What would Jesus do with a child with ADHD?  This has been my question for the last seven years.  I honestly thought of ADHD as a made up diagnosis for parents of boys who didn’t know how to discipline.  As an RN I am more comfortable with medical diagnoses that can be tested and treated in a more concrete way.  Then God blessed me with CT.  He has brought so much energy, fun, and heartache all at once.  He has humbled me and opened my eyes to this real struggle.

I actually said when he was an infant that “God knew I needed a calm child” because he was my fourth.  Little did I know that just 6 months later his true personality would begin to emerge (and that we would add a fifth…but that’s another story).  CT has been such a challenge and an eye opener as we began to enter the world of ADHD.  If there really is a way to rate ADHD he would be severe, I have no doubt.  As CT matured we kept thinking he would outgrow traits including no impulse control, no attention, and unending energy.  Let’s just list the items he has broken in the last 7 years:

garage door, glass front door with a sippy cup!, 2 wooden cabinet doors, 3 ipads, eyeglasses, countless holes in the walls and actual walls, blinds, drums, chairs, vacuum, endless amounts of headphones, and overflowed an upstairs toilet to name only a few.

Long story short, when this didn’t happen I began to panic.  I researched to deal with the loss of control ….and I locked in on ADHD.  This was my child!  It was like finding a tribe of people related to CT.  They gave me a glimpse into how my son’s brain worked and how he felt.  CT has been very delayed in speech and I wanted desperately to understand how he felt and what he needed.  But then I flashed back to all the children I had dispensed ADHD medication to as a school nurse.  Is this his life?  Going to the school nurse every lunch to swallow a pill just to function?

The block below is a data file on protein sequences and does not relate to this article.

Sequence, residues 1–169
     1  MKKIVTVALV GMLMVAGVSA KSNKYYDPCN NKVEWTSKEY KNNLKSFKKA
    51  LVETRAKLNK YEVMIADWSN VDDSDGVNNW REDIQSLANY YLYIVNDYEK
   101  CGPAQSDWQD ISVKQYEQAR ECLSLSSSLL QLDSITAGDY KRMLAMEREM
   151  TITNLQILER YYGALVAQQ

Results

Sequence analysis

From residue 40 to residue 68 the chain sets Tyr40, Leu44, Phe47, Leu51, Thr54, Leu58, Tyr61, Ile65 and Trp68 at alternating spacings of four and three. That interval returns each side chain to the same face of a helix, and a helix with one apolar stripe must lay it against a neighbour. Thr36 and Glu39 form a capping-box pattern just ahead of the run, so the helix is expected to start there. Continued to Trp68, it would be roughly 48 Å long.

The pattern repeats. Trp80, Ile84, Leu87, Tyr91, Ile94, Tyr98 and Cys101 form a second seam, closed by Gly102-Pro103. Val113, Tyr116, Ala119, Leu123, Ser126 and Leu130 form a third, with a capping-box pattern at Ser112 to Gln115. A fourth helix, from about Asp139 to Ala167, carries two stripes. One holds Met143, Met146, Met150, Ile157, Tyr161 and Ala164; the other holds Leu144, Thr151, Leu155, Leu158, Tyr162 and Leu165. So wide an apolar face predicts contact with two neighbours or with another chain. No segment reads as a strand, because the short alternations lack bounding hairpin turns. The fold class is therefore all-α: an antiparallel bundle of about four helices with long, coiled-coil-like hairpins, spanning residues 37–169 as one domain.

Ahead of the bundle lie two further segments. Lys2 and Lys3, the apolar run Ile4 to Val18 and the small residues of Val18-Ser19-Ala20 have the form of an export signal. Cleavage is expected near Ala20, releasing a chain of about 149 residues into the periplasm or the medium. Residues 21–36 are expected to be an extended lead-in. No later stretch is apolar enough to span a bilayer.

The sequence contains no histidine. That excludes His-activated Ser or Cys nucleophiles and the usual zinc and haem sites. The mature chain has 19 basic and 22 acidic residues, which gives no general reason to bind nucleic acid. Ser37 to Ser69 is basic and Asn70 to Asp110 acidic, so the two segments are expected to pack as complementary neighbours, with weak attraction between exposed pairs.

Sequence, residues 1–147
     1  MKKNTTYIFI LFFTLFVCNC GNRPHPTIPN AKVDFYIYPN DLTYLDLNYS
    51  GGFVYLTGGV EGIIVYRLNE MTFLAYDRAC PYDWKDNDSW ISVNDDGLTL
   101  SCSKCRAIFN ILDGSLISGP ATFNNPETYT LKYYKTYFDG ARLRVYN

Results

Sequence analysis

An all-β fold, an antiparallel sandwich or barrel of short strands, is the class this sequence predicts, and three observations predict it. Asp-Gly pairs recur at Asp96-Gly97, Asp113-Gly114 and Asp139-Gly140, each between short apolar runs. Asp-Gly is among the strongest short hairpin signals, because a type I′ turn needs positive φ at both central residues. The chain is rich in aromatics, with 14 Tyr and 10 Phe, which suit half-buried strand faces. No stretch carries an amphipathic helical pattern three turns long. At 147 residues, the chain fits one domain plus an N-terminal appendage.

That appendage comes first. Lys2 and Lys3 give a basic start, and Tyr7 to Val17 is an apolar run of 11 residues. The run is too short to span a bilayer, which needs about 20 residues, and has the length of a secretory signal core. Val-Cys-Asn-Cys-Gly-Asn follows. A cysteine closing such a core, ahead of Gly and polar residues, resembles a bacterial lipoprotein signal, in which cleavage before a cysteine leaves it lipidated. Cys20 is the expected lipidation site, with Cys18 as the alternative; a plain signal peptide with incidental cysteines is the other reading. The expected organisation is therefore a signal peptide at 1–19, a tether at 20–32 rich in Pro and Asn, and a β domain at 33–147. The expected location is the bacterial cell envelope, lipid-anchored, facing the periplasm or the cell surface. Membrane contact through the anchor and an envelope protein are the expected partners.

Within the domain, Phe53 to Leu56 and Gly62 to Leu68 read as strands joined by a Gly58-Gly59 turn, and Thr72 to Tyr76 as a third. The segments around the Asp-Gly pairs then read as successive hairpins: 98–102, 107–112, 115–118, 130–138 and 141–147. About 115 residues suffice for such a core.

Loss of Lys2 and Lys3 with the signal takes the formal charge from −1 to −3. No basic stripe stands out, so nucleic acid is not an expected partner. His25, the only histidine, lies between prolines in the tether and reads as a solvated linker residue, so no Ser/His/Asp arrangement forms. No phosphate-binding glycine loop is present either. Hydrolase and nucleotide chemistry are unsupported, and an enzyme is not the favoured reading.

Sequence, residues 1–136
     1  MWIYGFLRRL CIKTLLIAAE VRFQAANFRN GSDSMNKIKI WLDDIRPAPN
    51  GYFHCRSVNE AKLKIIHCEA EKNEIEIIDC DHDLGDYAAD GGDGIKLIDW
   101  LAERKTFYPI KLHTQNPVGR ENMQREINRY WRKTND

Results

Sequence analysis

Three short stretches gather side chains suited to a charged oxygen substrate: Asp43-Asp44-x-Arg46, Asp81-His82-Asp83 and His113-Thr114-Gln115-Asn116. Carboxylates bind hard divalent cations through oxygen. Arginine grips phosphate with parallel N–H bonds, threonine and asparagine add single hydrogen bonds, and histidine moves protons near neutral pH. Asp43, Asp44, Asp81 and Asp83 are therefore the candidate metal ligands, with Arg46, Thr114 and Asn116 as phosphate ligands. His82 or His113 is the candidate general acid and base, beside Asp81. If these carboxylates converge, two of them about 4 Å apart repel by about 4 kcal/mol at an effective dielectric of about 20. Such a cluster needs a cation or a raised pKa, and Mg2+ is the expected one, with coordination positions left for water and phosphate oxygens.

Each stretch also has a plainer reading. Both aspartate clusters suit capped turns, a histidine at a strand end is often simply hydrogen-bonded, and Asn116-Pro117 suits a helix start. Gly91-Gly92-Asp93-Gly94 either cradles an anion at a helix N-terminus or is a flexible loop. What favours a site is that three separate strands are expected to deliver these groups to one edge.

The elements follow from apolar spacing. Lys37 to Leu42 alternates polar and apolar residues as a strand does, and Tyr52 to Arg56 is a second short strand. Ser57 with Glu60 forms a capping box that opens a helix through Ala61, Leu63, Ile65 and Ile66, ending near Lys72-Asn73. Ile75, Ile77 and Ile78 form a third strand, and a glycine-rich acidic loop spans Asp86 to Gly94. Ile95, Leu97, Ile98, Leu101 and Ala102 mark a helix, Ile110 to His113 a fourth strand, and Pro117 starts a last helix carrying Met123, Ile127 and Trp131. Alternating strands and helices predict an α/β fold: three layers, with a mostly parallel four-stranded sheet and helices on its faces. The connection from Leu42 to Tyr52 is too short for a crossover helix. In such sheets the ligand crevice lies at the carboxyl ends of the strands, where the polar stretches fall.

So I read everything I could get my hands on about alternative treatments for ADHD.  I did not want to make my child a zombie and remove that incredible personality.  Because let’s face it, CT’s personality is incredible! I wanted my CT to still be CT, crazy and all.  I stressed so much about making the right decision for my son.  We tried diet changes and oils first, but they didn’t make a dent.  So reluctantly we decided to try Focalin.  I was really worried about it, but when a friend said, “you can always stop giving it to him if you don’t like what it does to him”,  I calmed down.

This was not a permanent decision and I could change my mind.  How freeing is that?  I kept viewing my role as a parent as finding the right path for my child and sending them down it.  This is true, but there is so much pressure in that if you consider the path to include what to eat, what activities to do, what books to read, and so on.  That isn’t what God commanded.  These are not the path, they just happen on the path. We should ponder these things, but if they are just steps on the path, they don’t have as much significance. If my child is on the path of life, he can change his choice about ADHD medication without leaving the path.

I should agonize more about leading him to the path and loving the Lord.  That is where he finds fulfillment and joy.

Proverbs 12:28

In the path of righteousness is life,

and in its pathway there is no death.

Psalm 119:35

Lead me in the path of your commandments,

for I delight in it.

Psalm 16:11

You make known to me the path of life;

in your presence there is fullness of joy;

at your right hand are pleasures forevermore.

So we tried medication, and after some dose adjusting, we found a happy place.  CT is still himself, but he finally has enough focus to sit and learn at school.  I am happy with our decision.  But I also have friends that have made major lifestyle changes in diet for their ADHD child and are happy with their decision.  This is a decision that needs to made with prayer and knowledge about your own child but don’t agonize about it.  There is no right answer.  And the decision can be amended.

This is an open handed thing (closed handed being Jesus is Lord) that should not be used to criticize and guilt others.  We should be encouraging one another, because we should know more than anyone that parenting an ADHD child is hard!  We should care about leading people to the path of life in His presence rather than nitpick their steps on the path once they get there.

So What Would Jesus DO with an ADHD child?  He would lead them to the path of life.


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